Ibuprofen is a painkiller available over the counter without a prescription.
It's one of a group of painkillers called non-steroidal anti-inflammatory drugs (NSAIDs) and can be used to:
This topic covers:
Types of ibuprofen
Who can take ibuprofen
How to take ibuprofen
Interactions with medicines, food and alcohol
Side effects of ibuprofen
Overdoses of ibuprofen
You can buy most types of ibuprofen from supermarkets, general retail outlets or pharmacies. Some types and pack sizes are only available from pharmacy counters, and some only on prescription.
Ibuprofen is available in many forms, including:
In some products ibuprofen is combined with other ingredients. For example, it's sometimes combined with medicine for a blocked nose (a decongestant) and sold as a cold and flu remedy.
Some people should avoid using ibuprofen and others should use it with caution. If you have any queries about using ibuprofen or any other medicines, speak to your doctor or pharmacist.
You shouldn't take ibuprofen if you:
You should use ibuprofen with caution if you're aged 65 or over, breastfeeding, or have:
Ideally, pregnant women shouldn't take ibuprofen unless a doctor recommends and prescribes it.
It's best to tell your doctor, pharmacist or health visitor about any medicines you're taking.
Paracetamol is recommended as an alternative to ease short-term pain or reduce a high temperature.
Ibuprofen appears in breast milk in small amounts, so it's unlikely to cause any harm to your baby while you're breastfeeding.
Ibuprofen may be given to children aged three months or over who weigh at least 5kg (11lbs) to relieve pain, inflammation or fever.
Your doctor or another healthcare professional may recommend ibuprofen for younger children in certain cases – for example, this may be to control a fever after a vaccination if paracetamol is unsuitable.
If your baby or child has a high temperature that doesn't get better or they continue to experience pain, speak to your doctor.
Make sure you use ibuprofen as directed on the label or leaflet, or as instructed by a health professional.
How much you can take depends on your age, the type of ibuprofen you're taking and how strong it is.
The painkilling effect of ibuprofen begins soon after a dose is taken, but the anti-inflammatory effect can sometimes take up to three weeks to get the best results.
Ibuprofen shouldn't be used to treat conditions that are mainly related to inflammation.
Don't take more than the recommended dose if it isn't relieving your symptoms.
Adults can take paracetamol at the same time as ibuprofen if necessary, but this isn't recommended for children. For more details, see Can I take paracetamol and ibuprofen together?.
Contact your doctor if your symptoms get worse or last more than three days despite taking ibuprofen.
Ibuprofen can react unpredictably with certain other medicines. This can affect how well either medicine works and increase the risk of side effects.
Check the leaflet that comes with your medicine to see if it can be taken with ibuprofen. Ask your doctor or local pharmacist if you're not sure.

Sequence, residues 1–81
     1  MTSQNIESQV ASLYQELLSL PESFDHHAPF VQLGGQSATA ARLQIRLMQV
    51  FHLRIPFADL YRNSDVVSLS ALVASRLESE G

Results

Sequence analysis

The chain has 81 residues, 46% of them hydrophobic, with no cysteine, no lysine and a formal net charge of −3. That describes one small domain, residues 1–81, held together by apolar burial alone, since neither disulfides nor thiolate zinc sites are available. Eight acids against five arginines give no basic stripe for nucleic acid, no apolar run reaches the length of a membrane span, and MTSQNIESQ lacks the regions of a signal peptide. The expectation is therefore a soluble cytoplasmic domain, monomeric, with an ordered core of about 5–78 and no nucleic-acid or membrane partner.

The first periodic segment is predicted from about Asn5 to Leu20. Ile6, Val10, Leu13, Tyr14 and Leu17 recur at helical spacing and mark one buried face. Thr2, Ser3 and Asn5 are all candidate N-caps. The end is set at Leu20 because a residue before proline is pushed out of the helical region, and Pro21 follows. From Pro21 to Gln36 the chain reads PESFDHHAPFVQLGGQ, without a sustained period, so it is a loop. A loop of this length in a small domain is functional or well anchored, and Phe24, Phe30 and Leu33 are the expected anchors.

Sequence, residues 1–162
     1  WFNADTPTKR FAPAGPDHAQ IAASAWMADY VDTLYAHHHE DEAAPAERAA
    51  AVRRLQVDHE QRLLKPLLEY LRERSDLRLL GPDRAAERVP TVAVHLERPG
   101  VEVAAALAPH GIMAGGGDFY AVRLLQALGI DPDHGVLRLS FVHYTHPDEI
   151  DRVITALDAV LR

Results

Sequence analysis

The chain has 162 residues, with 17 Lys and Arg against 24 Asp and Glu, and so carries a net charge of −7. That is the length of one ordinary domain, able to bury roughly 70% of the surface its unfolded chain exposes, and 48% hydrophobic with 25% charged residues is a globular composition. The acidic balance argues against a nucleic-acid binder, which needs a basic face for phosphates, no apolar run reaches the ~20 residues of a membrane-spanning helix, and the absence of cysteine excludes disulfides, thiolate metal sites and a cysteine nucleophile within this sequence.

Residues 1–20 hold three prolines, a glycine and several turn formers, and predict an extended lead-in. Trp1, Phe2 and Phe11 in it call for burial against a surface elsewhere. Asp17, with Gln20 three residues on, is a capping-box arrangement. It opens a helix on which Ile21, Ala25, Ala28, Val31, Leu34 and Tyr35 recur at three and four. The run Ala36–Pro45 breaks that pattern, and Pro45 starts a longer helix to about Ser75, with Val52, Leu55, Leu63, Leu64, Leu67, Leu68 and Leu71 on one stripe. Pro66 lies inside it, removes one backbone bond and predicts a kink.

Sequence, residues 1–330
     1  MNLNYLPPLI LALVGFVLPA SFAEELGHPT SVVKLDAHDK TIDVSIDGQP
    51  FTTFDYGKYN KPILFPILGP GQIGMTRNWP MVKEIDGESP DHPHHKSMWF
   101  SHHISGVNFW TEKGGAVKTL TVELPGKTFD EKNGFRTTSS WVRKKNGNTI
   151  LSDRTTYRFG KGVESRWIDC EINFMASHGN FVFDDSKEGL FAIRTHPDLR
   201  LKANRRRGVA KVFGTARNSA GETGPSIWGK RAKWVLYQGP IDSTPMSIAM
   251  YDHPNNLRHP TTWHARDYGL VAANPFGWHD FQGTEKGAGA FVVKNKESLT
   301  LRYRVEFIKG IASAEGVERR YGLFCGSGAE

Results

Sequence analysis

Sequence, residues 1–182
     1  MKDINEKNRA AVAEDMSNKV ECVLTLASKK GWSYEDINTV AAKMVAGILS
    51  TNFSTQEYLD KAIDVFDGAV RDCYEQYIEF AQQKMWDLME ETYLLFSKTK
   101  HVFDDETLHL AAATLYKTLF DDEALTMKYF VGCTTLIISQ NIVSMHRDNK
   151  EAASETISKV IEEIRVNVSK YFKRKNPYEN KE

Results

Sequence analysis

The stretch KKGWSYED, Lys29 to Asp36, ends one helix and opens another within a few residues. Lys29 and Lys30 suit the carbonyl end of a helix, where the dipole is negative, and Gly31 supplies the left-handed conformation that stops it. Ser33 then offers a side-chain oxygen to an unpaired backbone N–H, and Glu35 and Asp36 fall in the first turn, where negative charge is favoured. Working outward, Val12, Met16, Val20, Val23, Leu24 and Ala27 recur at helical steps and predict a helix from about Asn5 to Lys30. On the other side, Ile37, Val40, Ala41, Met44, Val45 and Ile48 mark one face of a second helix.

As ibuprofen is a type of NSAID, you shouldn't take more than one of these at a time or you'll have an increased risk of side effects.
NSAIDs can also interact with many other medicines, including:
Read more about medicines that interact with NSAIDs .
Ibuprofen can also interact with ginkgo biloba, a controversial dietary supplement some people claim can treat memory problems and dementia.
There are no known problems caused by taking ibuprofen with any specific foods or by drinking a moderate amount of alcohol.
Ibuprofen can cause a number of side effects. You should take the lowest possible dose for the shortest possible time needed to control your symptoms.
See the patient information leaflet that comes with your medicine for a full list of side effects.
Common side effects of ibuprofen include:
Less common side effects include:
If you feel unwell after taking ibuprofen or have concerns, speak to your doctor or pharmacist, or call NHS 111.
You can also report suspected side effects using the Yellow Card Scheme in the UK.
Taking high doses of ibuprofen over long periods of time can increase your risk of:
In women, long-term use of ibuprofen might be associated with reduced fertility. This is usually reversible when you stop taking ibuprofen.
Taking too much ibuprofen, known as an overdose, can be very dangerous.
If you've taken more than the recommended maximum dose, go to your nearest emergency department as soon as possible.
It can be helpful to take any remaining medicine and the box or leaflet with you to the emergency department if you can.
Some people feel sick, vomit, have abdominal pain or ringing in their ears (tinnitus) after taking too much ibuprofen, but often there are no symptoms at first. Go to the emergency department even if you're feeling well.
Fever A fever is when you have a high body temperature of 38C (100.4F) or over.
Inflammation Inflammation is the body's response to infection, irritation or injury, which causes redness, swelling, pain and sometimes a feeling of heat in the affected area.
Important: Our website provides useful information but is not a substitute for medical advice. You should always seek the advice of your doctor when making decisions about your health.